Extracellular monoenzyme deglycosylation system of 7-O-linked flavonoid β-rutinosides and its disaccharide transglycosylation activity from Stilbella fimetaria
- 374 Downloads
We screened for microorganisms able to use flavonoids as a carbon source; and one isolate, nominated Stilbella fimetaria SES201, was found to possess a disaccharide-specific hydrolase. It was a cell-bound ectoenzyme that was released to the medium during conidiogenesis. The enzyme was shown to cleave the flavonoid hesperidin (hesperetin 7-O-α-rhamnopyranosyl-β-glucopyranoside) into rutinose (α-rhamnopyranosyl-β-glucopyranose) and hesperetin. Since only intracellular traces of monoglycosidase activities (β-glucosidase, α-rhamnosidase) were produced, the disaccharidase α-rhamnosyl-β-glucosidase was the main system utilized by the microorganism for hesperidin hydrolysis. The enzyme was a glycoprotein with a molecular weight of 42224 Da and isoelectric point of 5.7. Even when maximum activity was found at 70°C, it was active at temperatures as low as 5°C, consistent with the psychrotolerant character of S. fimetaria. Substrate preference studies indicated that the enzyme exhibits high specificity toward 7-O-linked flavonoid β-rutinosides. It did not act on flavonoid 3-O-β-rutinoside and 7-O-β-neohesperidosides, neither monoglycosylated substrates. In an aqueous medium, the α-rhamnosyl-β-glucosidase was also able to transfer rutinose to other acceptors besides water, indicating its potential as biocatalyst for organic synthesis. The monoenzyme strategy of S. fimetaria SES201, as well as the enzyme substrate preference for 7-O-β-flavonoid rutinosides, is unique characteristics among the microbial flavonoid deglycosylation systems reported.
KeywordsGlycoside hydrolase Diglycosidase Hesperidin α-Rhamnosyl-β-glucosidase
This work was supported by Consejo Nacional de Investigaciones Científicas y Técnicas (CONICET), Universidad Nacional de La Pampa (UNLPam) and Agencia Nacional de Promoción Científica y Técnica (ANPCyT) of Argentina. The authors gratefully thank the contributions of Eduardo Piontelli, Jorge Oyhenart and Alejandra Martínez in strain identification, Martin Hedström for mass spectrometry analysis and María Rita Martearena, Elsa Scaroni and Mirta Daz for the generous gift of flavonoids. Finally, we are indebted to Maria Andersson for helpful suggestions and critical reading of the manuscript.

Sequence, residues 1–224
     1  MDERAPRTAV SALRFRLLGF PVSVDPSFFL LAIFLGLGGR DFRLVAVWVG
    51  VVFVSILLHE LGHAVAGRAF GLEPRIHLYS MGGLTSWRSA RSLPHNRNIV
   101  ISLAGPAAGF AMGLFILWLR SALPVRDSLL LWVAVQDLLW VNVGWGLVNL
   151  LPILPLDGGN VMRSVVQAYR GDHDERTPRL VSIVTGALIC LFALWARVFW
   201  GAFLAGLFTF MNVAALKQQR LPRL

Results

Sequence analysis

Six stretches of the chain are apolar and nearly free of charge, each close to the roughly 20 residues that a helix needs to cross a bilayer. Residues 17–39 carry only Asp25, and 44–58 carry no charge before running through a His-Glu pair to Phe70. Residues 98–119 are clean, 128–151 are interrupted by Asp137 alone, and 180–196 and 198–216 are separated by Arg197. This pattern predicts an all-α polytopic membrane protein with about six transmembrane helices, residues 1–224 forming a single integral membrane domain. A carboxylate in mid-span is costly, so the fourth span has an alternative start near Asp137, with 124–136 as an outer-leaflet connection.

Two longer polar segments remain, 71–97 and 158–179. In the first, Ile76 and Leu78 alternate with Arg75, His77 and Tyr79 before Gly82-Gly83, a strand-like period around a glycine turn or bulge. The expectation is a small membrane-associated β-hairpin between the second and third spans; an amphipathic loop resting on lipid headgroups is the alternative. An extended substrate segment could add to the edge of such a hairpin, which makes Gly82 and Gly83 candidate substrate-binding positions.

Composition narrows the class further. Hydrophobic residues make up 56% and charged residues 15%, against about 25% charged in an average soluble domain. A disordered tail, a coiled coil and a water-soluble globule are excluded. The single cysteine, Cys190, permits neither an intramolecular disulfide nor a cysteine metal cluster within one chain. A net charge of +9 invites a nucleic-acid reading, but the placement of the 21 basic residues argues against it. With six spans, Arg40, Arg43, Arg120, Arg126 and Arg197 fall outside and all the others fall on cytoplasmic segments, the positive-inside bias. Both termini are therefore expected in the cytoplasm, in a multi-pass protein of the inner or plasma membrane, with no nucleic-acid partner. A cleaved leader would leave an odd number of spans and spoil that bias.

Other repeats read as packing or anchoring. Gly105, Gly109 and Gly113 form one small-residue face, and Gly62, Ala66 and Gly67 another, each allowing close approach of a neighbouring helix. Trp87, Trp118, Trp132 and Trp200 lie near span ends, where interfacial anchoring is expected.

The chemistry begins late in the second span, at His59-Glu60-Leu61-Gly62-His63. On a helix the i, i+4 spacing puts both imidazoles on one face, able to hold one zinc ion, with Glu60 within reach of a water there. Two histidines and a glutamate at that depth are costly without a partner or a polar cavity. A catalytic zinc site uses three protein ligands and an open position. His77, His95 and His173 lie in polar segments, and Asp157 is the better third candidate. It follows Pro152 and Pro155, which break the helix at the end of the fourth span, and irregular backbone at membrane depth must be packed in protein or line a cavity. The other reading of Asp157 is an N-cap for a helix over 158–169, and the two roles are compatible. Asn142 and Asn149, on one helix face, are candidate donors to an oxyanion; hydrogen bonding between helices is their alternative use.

- Genovés S, Gil JV, Vallés S, Casas JA, Manzanares P (2005) Assessment of the aromatic potential of palomino fino grape must using glycosidases. Am J Enol Vitic 56:188–191Google Scholar
- Grimaldi A, McLean H, Jiranek V (2000) Identification and partial characterization of glycosidic activities of commercial strains of the lactic acid bacterium Oenococcus oeni. Am J Enol Viticul 51:362–369Google Scholar
- Ibarz JM, Ferreira V, Hernández-Orte P, Loscos N, Cacho J (2006) Optimization and evaluation of a procedure for the gas chromatographic-mass spectrometric analysis of the aromas generated by fast acid hydrolysis of flavor precursors extracted from grapes. J Chromatogr A 1116:217–229CrossRefGoogle Scholar
- Mauludin R, Müller RH (2008) Hesperidin smart crystals: redispersibility and improved solubility properties. Pharmacogenetics/Pharmacogenomics Virtual J (http://www.aapsj.org) 10: S2
- Nonami H, Fukui S, Erra-Balsells R (1997) β-Carboline alkaloids as matrices for matrix-assisted ultraviolet laser desorption time-of flight mass spectrometry of proteins and sulfated oligosaccharides: a comparative study using phenylcarbonyl compounds, carbazoles and classical matrices. J Mass Spectrom 32:287–296CrossRefGoogle Scholar
- Promega (2008) Protocols and application guide. Promega Corporation, Madison, WisconsinGoogle Scholar
- Sang-Joon L, Omori T, Kodama T (1990) Purification and some properties of rutinosidase from Arthrobacter sp. Kor J Appl Microbiol Biotech 18:360–367Google Scholar
- Seifert KA (1985) A monograph of Stilbella and some allied Hyphomycetes. Stud Mycol 27:1–235Google Scholar
- Wang D, Kurasawa E, Yamaguchi Y, Kubota K, Kobayashi A (2001) Analysis of glycosidically bound aroma precursors in tea leaves. 2. Changes in glycoside contents and glycosidase activities in tea leaves during the black tea manufacturing process. J Agric Food Chem 49:1900–1903PubMedCrossRefGoogle Scholar
- White TJ, Bruns T, Lee S, Taylor J (1990) Amplification and direct sequencing of fungal ribosomal RNA genes for phylogenetics. In: Innis M, Gelfand D, Sninsky J, White T (eds) PCR protocols: a guide to methods and applications. Academic Press, Orlando, pp 315–322Google Scholar
- Yamamoto S, Okada M, Usui T, Sakata K, Toumoto A, Tsuruhami K (2006) Diglycosidase isolated from microorganisms. US Patent 7109014Google Scholar